Header

UZH-Logo

Maintenance Infos

The effects of elaboration on working memory and long-term memory across age


Bartsch, Lea M; Oberauer, Klaus (2021). The effects of elaboration on working memory and long-term memory across age. Journal of Memory & Language, 118:104215.

Abstract

Free time to attend to and process information in working memory is key in promoting immediate and delayed retention. One candidate process to cause this benefit is elaboration. We conducted three experiments with young adults – two of which included older adults – to investigate whether free time is used for elaboration, and whether elaboration causes the free-time benefit. Participants remembered lists of nouns, interleaved with short or long free-time intervals, or with filler words connecting all the nouns into a meaningful sentence to assist elaboration. For young adults, assisted elaboration through sentences, and the additional instruction to form a mental image, benefited performance in a working-memory test as much as longer free time, but not more. In contrast, for a delayed test of long-term memory, the benefits of sentence elaboration exceeded those of longer free time. Older adults did not benefit from assisted elaborations in the delayed test, providing further evidence that the long-term memory deficit of older adults arises at least in part from a deficit in elaboration. This elaboration deficit is not driven by a deficit in generating richer representations.

Abstract

Free time to attend to and process information in working memory is key in promoting immediate and delayed retention. One candidate process to cause this benefit is elaboration. We conducted three experiments with young adults – two of which included older adults – to investigate whether free time is used for elaboration, and whether elaboration causes the free-time benefit. Participants remembered lists of nouns, interleaved with short or long free-time intervals, or with filler words connecting all the nouns into a meaningful sentence to assist elaboration. For young adults, assisted elaboration through sentences, and the additional instruction to form a mental image, benefited performance in a working-memory test as much as longer free time, but not more. In contrast, for a delayed test of long-term memory, the benefits of sentence elaboration exceeded those of longer free time. Older adults did not benefit from assisted elaborations in the delayed test, providing further evidence that the long-term memory deficit of older adults arises at least in part from a deficit in elaboration. This elaboration deficit is not driven by a deficit in generating richer representations.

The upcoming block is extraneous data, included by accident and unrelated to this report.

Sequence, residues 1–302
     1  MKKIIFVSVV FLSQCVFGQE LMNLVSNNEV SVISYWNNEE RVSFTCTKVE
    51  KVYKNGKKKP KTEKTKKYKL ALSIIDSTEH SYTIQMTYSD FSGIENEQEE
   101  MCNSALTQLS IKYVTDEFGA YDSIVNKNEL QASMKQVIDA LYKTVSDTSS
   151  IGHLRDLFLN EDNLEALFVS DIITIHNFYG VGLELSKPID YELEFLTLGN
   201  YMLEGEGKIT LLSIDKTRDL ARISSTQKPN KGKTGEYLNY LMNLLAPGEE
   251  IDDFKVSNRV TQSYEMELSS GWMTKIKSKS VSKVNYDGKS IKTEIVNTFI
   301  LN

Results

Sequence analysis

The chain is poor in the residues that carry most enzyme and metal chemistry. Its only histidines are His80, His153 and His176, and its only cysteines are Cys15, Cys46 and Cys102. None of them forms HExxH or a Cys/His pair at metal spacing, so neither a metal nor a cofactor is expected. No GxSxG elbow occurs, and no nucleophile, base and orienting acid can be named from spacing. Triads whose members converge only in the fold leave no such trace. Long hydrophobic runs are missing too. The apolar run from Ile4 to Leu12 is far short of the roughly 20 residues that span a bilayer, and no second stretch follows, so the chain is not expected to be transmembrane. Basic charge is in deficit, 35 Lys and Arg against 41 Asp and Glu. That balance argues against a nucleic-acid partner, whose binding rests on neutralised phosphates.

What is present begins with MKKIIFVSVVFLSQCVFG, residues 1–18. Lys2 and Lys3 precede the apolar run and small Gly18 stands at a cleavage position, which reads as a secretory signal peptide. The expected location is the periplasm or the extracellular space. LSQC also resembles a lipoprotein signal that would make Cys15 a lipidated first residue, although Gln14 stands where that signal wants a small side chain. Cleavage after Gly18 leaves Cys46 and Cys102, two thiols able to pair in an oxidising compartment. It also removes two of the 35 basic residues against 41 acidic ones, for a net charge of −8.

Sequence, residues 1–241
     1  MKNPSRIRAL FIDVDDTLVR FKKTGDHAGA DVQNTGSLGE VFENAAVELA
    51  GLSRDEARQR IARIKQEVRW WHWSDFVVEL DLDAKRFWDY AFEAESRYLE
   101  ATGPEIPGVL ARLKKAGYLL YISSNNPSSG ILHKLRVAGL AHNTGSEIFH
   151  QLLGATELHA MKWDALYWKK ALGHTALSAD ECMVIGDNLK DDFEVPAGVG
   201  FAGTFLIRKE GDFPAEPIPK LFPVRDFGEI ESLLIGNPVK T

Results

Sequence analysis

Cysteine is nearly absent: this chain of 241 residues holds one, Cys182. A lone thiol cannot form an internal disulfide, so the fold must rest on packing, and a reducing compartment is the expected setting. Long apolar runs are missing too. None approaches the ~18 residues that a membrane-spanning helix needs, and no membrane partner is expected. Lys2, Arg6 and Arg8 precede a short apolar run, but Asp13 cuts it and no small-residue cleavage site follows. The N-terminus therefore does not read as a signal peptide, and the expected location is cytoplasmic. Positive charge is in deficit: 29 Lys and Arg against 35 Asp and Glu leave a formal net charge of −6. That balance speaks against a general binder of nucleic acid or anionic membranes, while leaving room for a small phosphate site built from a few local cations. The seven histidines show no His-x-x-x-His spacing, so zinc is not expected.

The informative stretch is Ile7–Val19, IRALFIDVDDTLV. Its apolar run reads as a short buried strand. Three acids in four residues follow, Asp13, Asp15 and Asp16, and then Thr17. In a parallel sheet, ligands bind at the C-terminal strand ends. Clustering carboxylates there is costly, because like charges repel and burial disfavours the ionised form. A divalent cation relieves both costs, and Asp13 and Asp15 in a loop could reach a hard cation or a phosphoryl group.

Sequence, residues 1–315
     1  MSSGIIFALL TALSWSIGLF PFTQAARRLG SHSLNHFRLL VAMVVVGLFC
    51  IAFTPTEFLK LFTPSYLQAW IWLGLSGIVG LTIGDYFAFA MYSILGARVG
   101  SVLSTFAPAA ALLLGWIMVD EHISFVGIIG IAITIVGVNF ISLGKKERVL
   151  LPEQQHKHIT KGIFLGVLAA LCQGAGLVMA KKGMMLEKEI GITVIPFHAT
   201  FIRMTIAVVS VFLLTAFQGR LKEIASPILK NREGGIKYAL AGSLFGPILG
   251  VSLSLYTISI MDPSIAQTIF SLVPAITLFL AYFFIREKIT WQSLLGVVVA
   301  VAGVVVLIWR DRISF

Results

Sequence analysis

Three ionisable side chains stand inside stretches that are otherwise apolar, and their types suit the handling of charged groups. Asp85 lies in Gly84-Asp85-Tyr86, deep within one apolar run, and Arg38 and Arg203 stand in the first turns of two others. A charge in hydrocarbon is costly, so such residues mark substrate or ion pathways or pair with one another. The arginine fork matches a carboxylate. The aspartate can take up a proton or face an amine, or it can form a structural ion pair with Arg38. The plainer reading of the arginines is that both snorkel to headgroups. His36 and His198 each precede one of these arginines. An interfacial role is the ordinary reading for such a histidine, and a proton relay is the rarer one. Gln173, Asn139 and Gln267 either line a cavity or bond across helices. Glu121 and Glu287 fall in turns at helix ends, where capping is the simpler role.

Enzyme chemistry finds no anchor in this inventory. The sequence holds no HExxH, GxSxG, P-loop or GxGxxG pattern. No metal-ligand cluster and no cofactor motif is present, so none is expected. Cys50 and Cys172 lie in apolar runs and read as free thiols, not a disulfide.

Statistics

Citations

Dimensions.ai Metrics

Altmetrics

Downloads

3 downloads since deposited on 26 Jan 2021
3 downloads since 12 months
Detailed statistics

Additional indexing

Item Type:Journal Article, refereed, original work
Communities & Collections:06 Faculty of Arts > Institute of Psychology
08 Research Priority Programs > Dynamics of Healthy Aging
Dewey Decimal Classification:150 Psychology
Scopus Subject Areas:Social Sciences & Humanities > Neuropsychology and Physiological Psychology
Social Sciences & Humanities > Language and Linguistics
Social Sciences & Humanities > Experimental and Cognitive Psychology
Social Sciences & Humanities > Linguistics and Language
Physical Sciences > Artificial Intelligence
Uncontrolled Keywords:Linguistics and Language, Experimental and Cognitive Psychology, Artificial Intelligence, Neuropsychology and Physiological Psychology, Language and Linguistics
Language:English
Date:1 June 2021
Deposited On:26 Jan 2021 13:20
Last Modified:27 Jan 2021 21:02
Publisher:Elsevier
ISSN:0749-596X
OA Status:Hybrid
Publisher DOI:https://doi.org/10.1016/j.jml.2020.104215
Related URLs:https://osf.io/4n9y3/ (Research Data)

Download

Hybrid Open Access

Download PDF  'The effects of elaboration on working memory and long-term memory across age'.
Preview
Content: Published Version
Language: English
Filetype: PDF
Size: 2MB
View at publisher
Licence: Creative Commons: Attribution-NonCommercial-NoDerivatives 4.0 International (CC BY-NC-ND 4.0)